Tata Sons to reduce cross-holdings

Former Tata Sons chairman Ratan Tata (left) with current Chairman N Chandrasekaran at the 178th birth anniversary function of Tata Steel founder Jamsetji Tata in Jamshedpur on Friday. Photo: PTI
Tata Sons, the holding company of the $104-billion Tata group, plans to buy shares worth about Rs 7,000 crore from  group companies that hold shares in other listed group firms. 

Companies such as Tata Steel, Tata Chemicals and Tata Power own shares of other group companies. For example, Tata Steel has the largest holding in group companies, valued at Rs 4,193 crore — with Rs 3,856 crore in Tata Motors. 

Tata Sons will buy some of these stakes and increase its direct shareholding in operating companies. The cross-holding structure of the group has come under the scanner in the past, as investors have said this limits operating companies’ ability to deploy funds in their core businesses. A lot of institutional investors prefer owning companies which are in a single business and do not have stakes in unrelated businesses. 

Some of the Tata group companies, including Tata Steel, are under pressure to bring down their debt and are looking to monetise their investments. Selling holdings in group companies would be one more source of raising funds. 

Four major operating companies of the group, Tata Steel, Tata Power, Tata Global Beverages and Tata Chemicals, have six investments worth almost Rs 7,000 crore. 

Besides another 22 cross-holdings across various firms account for Rs 769 crore, based on Friday’s share prices.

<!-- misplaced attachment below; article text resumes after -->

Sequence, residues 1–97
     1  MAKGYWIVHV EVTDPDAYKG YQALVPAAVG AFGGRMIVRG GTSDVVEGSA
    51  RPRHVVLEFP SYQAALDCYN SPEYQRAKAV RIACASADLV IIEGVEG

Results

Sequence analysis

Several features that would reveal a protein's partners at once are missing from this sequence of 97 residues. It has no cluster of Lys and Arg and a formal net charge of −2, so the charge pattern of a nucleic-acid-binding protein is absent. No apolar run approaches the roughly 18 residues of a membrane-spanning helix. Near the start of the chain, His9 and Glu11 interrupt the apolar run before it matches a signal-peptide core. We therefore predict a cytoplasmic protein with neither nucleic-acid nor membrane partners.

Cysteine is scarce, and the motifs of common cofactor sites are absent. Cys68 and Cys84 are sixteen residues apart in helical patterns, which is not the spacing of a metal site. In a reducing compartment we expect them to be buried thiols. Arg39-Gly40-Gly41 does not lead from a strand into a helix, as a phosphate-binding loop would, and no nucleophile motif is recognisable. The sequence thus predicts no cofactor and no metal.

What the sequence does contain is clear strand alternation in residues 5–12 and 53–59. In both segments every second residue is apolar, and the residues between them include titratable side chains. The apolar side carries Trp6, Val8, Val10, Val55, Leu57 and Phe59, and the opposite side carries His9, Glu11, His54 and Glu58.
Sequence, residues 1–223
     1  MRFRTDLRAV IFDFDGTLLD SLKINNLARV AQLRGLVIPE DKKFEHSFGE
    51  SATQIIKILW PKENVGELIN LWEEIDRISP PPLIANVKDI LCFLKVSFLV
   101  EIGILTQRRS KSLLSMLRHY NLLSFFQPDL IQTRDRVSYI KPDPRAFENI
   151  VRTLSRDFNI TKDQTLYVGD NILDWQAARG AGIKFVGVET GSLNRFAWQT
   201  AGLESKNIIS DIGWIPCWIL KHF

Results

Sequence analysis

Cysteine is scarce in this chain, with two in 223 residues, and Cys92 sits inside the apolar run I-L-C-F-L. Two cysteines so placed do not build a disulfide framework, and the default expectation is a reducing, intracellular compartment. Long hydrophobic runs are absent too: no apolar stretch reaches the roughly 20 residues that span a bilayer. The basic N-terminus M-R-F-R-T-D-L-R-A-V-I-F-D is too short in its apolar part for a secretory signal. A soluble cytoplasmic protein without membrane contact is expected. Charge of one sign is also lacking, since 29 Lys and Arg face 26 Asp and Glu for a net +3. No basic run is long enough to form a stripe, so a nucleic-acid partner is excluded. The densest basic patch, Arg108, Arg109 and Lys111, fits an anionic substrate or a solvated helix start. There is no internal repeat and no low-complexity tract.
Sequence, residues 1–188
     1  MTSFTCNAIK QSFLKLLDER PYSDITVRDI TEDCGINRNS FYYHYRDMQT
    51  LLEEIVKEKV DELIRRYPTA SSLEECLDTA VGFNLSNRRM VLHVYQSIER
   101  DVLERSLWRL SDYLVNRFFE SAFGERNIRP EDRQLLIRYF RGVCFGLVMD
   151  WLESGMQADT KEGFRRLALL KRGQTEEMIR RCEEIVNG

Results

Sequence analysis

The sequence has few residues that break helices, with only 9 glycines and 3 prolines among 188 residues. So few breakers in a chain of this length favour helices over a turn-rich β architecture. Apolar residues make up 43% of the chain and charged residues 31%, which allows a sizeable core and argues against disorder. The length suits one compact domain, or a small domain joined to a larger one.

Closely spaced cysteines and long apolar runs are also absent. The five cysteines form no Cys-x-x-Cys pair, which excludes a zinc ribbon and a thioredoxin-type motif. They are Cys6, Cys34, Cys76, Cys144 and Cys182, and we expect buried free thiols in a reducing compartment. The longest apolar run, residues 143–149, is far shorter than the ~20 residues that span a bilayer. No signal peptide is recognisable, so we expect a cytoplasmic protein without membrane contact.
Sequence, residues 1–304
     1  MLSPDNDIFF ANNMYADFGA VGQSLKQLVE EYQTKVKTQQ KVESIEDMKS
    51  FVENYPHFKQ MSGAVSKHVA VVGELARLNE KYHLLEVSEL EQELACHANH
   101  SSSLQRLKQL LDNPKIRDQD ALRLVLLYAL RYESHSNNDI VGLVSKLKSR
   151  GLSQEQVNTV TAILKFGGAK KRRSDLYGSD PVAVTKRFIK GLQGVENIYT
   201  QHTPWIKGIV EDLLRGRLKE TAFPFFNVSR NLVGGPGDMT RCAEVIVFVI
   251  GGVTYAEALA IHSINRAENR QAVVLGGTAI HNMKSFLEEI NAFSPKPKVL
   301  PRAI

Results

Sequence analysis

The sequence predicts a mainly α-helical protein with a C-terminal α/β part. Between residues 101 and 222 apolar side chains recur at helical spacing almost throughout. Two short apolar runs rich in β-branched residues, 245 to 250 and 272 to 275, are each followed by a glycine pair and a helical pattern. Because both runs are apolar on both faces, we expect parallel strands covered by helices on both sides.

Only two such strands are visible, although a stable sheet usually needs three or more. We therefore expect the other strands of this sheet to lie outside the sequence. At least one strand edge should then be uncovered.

“Simplifying the cross-holding structure of the group has been an ongoing process for some time,” said a senior executive at one of the operating firms. 

“This could be hastened under the new leadership at Tata Sons,” he added. 

The cross-holding is expected to be simplified in the next four quarters, with Tata Sons executing the trades through block deals. Tata Sons declined to comment on this. 

On February 21, N Chandrasekaran took charge of Tata Sons as chairman.

Soon after, Tata Sons and NTT DoCoMo told the Delhi High Court, that they had reached a settlement concerning the enforcement of an arbitration award on the exit of the Japanese telecom major from a joint venture between the two companies.

Resolving the cross-holding could be a second major move by Chandrasekaran.

Tata Steel is expected to be the largest beneficiary of the move. The company had Rs 82,777 crore debt on its books at the end of December — 2.2 times its net worth. If Tata Sons buys its stake in Tata Motors and Tata Power, it would fetch Rs 4,173 crore. 

Tata Sons will participate in the buyback offer from Tata Consultancy Services (TCS) announced last month. The most-valued company of the group and the country’s largest company in terms of market capitalisation announced a buyback of shares worth Rs 16,000 crore. Tata Sons owns 73.3 per cent in TCS, which would bring Rs 11,728 crore to Tata Sons, based on Friday’s price. 

Tata Sons could use a part of the funds it receives from the TCS buyback to simplify cross-holding structure of the group.  

Tata Sons will also have to settle the $1.18-billion dispute with DoCoMo. The amount has already been deposited with the Delhi High Court.


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